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# Angular Momentum; General Rotation

Angular Momentum; General Rotation. Chapter 11. 11-1 Angular Momentum — Objects Rotating About a Fixed Axis. The rotational analog of linear momentum is angular momentum, L :. Then the rotational analog of Newton’s second law is:.

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## Angular Momentum; General Rotation

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1. Angular Momentum; General Rotation Chapter 11

2. 11-1 Angular Momentum—Objects Rotating About a Fixed Axis The rotational analog of linear momentum is angular momentum, L: Then the rotational analog of Newton’s second law is: This form of Newton’s second law is valid even if I is not constant.

3. 11-1 Angular Momentum—Objects Rotating About a Fixed Axis In the absence of an external torque, angular momentum is conserved: More formally,the total angular momentum of a rotating object remains constant if the net external torque acting on it is zero.

4. 11-1 Angular Momentum—Objects Rotating About a Fixed Axis This means: Therefore, if an object’s moment of inertia changes, its angular speed changes as well.

5. 11-1 Angular Momentum—Objects Rotating About a Fixed Axis Angular momentum is a vector; for a symmetrical object rotating about a symmetry axis it is in the same direction as the angular velocity vector.

6. 11-2 Vector Cross Product; Torque as a Vector The vector cross product is defined as: The direction of the cross product is defined by a right-hand rule:

7. 11-2 Vector Cross Product; Torque as a Vector The cross product can also be written in determinant form:

8. 11-2 Vector Cross Product; Torque as a Vector Some properties of the cross product:

9. 11-2 Vector Cross Product; Torque as a Vector Torque can be defined as the vector product of the force and the vector from the point of action of the force to the axis of rotation:

10. 11-2 Vector Cross Product; Torque as a Vector For a particle, the torque can be defined around a point O: Here, is the position vector from the particle relative to O.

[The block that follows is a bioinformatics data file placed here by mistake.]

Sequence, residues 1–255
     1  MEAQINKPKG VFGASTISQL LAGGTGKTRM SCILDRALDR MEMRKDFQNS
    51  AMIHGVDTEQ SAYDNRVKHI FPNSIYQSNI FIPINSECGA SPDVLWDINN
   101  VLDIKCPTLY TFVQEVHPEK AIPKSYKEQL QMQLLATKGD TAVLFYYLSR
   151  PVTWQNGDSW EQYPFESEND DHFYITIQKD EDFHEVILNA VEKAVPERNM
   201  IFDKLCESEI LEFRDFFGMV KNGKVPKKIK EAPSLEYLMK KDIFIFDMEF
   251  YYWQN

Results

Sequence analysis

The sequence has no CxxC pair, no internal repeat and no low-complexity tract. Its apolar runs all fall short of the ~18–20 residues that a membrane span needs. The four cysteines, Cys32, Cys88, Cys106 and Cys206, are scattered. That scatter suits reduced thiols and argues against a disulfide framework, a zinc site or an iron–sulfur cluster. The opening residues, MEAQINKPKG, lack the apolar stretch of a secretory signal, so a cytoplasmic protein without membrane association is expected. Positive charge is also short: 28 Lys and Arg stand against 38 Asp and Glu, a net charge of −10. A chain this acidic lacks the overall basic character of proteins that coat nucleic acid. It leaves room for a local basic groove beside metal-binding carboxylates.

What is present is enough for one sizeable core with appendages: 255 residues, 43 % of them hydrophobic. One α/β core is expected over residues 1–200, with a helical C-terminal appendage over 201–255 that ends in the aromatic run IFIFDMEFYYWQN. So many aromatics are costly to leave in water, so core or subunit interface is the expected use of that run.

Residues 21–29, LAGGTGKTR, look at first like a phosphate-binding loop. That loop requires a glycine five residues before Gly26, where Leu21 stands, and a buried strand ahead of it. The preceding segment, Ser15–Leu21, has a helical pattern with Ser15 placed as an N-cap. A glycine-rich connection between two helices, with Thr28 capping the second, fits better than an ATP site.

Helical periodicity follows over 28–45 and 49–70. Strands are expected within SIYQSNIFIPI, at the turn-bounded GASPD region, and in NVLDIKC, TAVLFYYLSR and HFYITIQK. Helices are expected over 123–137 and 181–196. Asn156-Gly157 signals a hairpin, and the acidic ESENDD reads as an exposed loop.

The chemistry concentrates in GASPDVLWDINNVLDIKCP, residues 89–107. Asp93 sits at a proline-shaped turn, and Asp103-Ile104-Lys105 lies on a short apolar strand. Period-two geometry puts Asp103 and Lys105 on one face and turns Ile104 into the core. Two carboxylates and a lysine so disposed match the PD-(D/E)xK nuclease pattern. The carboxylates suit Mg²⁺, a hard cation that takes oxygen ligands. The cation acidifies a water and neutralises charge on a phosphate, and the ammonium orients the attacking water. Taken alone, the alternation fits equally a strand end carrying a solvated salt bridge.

11. 11-3 Angular Momentum of a Particle The angular momentum of a particle about a specified axis is given by:

12. 11-3 Angular Momentum of a Particle If we take the derivative of , we find: Since we have:

13. 11-3 Angular Momentum of a Particle Conceptual Example 11-7: A particle’s angular momentum. What is the angular momentum of a particle of mass m moving with speed v in a circle of radius r in a counterclockwise direction?

14. 11-4 Angular Momentum and Torque for a System of Particles; General Motion The angular momentum of a system of particles can change only if there is an external torque—torques due to internal forces cancel. This equation is valid in any inertial reference frame. It is also valid for the center of mass, even if it is accelerating:

15. 11-5 Angular Momentum and Torque for a Rigid Object For a rigid object, we can show that its angular momentum when rotating around a particular axis is given by:

16. 11-5 Angular Momentum and Torque for a Rigid Object A system that is rotationally imbalanced will not have its angular momentum and angular velocity vectors in the same direction. A torque is required to keep an unbalanced system rotating.

17. 11-6 Conservation of Angular Momentum If the net torque on a system is constant, The total angular momentum of a system remains constant if the net external torque acting on the system is zero.

18. 11-7 The Spinning Top and Gyroscope A spinning top will precess around its point of contact with a surface, due to the torque created by gravity when its axis of rotation is not vertical.

19. 11-7 The Spinning Top and Gyroscope The angular velocity of the precession is given by: This is also the angular velocity of precession of a toy gyroscope, as shown.

20. 11-8 Rotating Frames of Reference; Inertial Forces An inertial frame of reference is one in which Newton’s laws hold; a rotating frame of reference is noninertial, and objects viewed from such a frame may move without a force acting on them.

21. 11-8 Rotating Frames of Reference; Inertial Forces There is an apparent outward force on objects in rotating reference frames; this is a fictitious force, or a pseudoforce. The centrifugal “force” is of this type; there is no outward force when viewed from an inertial reference frame.

22. 11-9 The Coriolis Effect Inertial reference frame Rotating reference frame If an object is moving in a noninertial reference frame, there is another pesudoforce on it, as the tangential speed does not increase while the object moves farther from the axis of rotation. This results in a sideways drift.

23. 11-9 The Coriolis Effect The Coriolis effect is responsible for the rotation of air around low-pressure areas— counterclockwise in the Northern Hemisphere and clockwise in the Southern. The Coriolis acceleration is:

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